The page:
Coal users trying to redirect Congress on global warming

WASHINGTON, D.C. - As a Democratic congressman from Oklahoma, Glenn English had a reputation as a fiscal conservative. As the head of a group of nonprofit rural electric utility cooperatives that rely heavily on coal, he’s fighting hard to convince Congress to open up its wallet.

Massive new federal spending is needed, he says, to ensure that there is enough electricity to meet national demand in a way that doesn’t exacerbate global warming.

For English and the members of the National Rural Electric Cooperative Association (NRECA), a powerful lobbying group that has broad grassroots reach and a deep-pocketed political action committee, one priority is a $12 billion per-year spending effort to help low-income households make their homes more energy-efficient.

“It’s a big number” that will be difficult to win given Democratic “pay as you go” budget rules, English acknowledged.

“In a tight budget, that’s always the question: What’s our priority?”

The lobbying effort by NRECA is one example of how groups wary of congressional efforts to curb global warming are trying to redirect the momentum to pay for expensive new federal spending programs. If the projects are successful, they could take some pressure off coal users to pay for their own emissions cuts in the near term.

English said the energy efficiency effort would help keep consumer electricity bills reasonable.

The effort to curb greenhouse gas emissions is routinely equated to the development of an atomic bomb or the campaign to fight World War II. Curbing global warming is so expansive a challenge that the federal government will have to take the lead role.

In another example, mining companies, labor groups and for-profit electric utilities are joining NRECA in lobbying Congress to create a fund that would spend around $2 billion a year to pay for a technology to capture carbon dioxide emissions before they reach the atmosphere. The gas would instead be injected back into the earth, where it would sit under an impermeable layer of rock, hopefully forever.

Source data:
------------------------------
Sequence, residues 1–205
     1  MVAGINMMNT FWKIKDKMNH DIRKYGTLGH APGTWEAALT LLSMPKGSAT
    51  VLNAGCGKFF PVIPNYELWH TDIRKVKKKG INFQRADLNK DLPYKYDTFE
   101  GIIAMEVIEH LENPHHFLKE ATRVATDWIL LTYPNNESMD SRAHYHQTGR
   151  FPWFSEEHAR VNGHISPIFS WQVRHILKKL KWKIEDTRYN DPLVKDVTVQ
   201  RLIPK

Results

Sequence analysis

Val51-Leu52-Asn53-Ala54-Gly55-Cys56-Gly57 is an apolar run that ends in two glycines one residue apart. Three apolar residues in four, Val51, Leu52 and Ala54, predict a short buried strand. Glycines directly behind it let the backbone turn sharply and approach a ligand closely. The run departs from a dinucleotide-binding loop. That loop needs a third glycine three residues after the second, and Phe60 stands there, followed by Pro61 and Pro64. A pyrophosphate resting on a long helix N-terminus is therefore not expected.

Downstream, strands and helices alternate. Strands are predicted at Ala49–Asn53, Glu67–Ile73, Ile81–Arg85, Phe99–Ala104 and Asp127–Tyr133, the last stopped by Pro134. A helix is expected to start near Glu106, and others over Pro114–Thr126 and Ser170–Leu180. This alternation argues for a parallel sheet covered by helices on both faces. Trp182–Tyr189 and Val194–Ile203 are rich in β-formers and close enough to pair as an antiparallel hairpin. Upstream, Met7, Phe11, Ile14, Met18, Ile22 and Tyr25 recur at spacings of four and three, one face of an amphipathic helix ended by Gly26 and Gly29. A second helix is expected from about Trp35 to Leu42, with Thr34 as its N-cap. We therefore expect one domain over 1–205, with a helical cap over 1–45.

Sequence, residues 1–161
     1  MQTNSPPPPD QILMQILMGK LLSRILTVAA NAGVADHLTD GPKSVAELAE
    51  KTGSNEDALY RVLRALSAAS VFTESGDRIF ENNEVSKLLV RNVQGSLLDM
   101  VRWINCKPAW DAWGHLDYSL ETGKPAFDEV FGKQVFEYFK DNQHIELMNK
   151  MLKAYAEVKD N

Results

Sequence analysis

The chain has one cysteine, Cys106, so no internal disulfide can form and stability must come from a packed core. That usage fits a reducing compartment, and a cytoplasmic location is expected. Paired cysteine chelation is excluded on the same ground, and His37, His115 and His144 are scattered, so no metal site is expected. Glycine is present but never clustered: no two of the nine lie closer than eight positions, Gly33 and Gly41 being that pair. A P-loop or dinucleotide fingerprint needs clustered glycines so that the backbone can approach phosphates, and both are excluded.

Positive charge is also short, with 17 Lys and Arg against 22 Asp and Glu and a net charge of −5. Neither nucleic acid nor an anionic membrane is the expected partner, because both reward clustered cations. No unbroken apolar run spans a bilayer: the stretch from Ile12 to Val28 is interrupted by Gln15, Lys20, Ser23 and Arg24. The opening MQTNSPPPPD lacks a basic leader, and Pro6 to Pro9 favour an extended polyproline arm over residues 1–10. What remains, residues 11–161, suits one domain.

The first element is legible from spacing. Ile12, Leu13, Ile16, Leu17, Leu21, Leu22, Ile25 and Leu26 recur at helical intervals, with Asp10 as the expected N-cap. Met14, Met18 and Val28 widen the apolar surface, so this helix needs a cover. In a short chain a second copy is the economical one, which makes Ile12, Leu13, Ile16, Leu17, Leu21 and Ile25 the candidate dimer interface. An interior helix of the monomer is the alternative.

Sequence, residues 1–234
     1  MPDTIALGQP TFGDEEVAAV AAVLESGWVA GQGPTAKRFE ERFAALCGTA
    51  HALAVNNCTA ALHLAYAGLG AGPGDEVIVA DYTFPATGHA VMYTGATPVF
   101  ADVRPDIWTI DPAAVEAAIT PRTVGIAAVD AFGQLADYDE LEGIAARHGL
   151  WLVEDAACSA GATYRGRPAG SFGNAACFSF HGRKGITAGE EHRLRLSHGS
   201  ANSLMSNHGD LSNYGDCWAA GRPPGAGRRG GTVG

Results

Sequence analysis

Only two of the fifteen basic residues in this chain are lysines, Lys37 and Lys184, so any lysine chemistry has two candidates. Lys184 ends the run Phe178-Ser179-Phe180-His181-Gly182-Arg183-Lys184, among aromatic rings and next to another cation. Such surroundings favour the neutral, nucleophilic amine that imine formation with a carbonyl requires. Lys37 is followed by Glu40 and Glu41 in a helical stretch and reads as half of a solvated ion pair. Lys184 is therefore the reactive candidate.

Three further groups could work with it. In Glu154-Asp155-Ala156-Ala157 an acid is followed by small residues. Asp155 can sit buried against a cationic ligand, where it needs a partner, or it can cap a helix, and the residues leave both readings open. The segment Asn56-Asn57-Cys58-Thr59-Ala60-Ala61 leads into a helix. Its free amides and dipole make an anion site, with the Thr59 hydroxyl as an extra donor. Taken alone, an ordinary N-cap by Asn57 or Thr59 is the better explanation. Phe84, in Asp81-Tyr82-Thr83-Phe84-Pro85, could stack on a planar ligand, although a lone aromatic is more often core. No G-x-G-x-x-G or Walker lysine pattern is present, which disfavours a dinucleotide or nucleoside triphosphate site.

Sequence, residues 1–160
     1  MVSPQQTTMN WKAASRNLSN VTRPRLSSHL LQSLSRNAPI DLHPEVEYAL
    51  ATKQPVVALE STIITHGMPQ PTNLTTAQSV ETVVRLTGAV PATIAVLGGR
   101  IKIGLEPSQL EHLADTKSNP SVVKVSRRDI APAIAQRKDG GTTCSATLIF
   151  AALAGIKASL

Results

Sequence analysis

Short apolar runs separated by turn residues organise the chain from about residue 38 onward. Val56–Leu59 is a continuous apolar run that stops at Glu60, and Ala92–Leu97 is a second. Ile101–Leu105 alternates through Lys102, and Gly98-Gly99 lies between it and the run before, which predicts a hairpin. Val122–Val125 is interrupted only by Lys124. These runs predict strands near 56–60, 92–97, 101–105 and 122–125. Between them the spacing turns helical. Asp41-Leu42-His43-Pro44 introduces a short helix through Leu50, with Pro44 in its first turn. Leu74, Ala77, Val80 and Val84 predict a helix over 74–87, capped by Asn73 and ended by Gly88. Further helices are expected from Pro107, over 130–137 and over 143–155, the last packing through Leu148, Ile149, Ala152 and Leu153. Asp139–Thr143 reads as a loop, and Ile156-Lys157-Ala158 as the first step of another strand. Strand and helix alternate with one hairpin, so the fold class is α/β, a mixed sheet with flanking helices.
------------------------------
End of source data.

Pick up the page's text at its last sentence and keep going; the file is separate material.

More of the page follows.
The government has averaged around $100 million a year on spending to develop the technology, but it remains prohibitively expensive. The $2 billion figure comes from an estimate in a study conducted by the Massachusetts Institute of Technology. Total spending would approach $20 billion.

In a March letter to Congress, the National Mining Association and United Mine Workers of America complained that “inadequate incentives exist to spur the development and early deployment of CCS technologies in the power generation sector. And the lack of a reliable, substantial and sustained source of funding from the federal government, in partnership with industry, exacerbates the problem.”

“If this is truly one of the greatest technological challenges facing mankind, then what better time to mobilize the assistance of the federal government in partnership with the private sector?” said Kraig Naasz, the president and CEO of the National Mining Association.

“If climate change is inevitable, we are losing precious, precious time in developing this technology.”

Other groups like the Center for American Progress have called for new spending on carbon sequestration technology. Environmental groups are supportive too.

But some worry that the coal users and producers are lobbying for additional spending as a climate cure-all that negates the need for actual emissions caps such as those called for in the climate bill written by Sens. Joe Lieberman (I-Conn.) and John Warner (R-Va.) that will be on the Senate floor next month.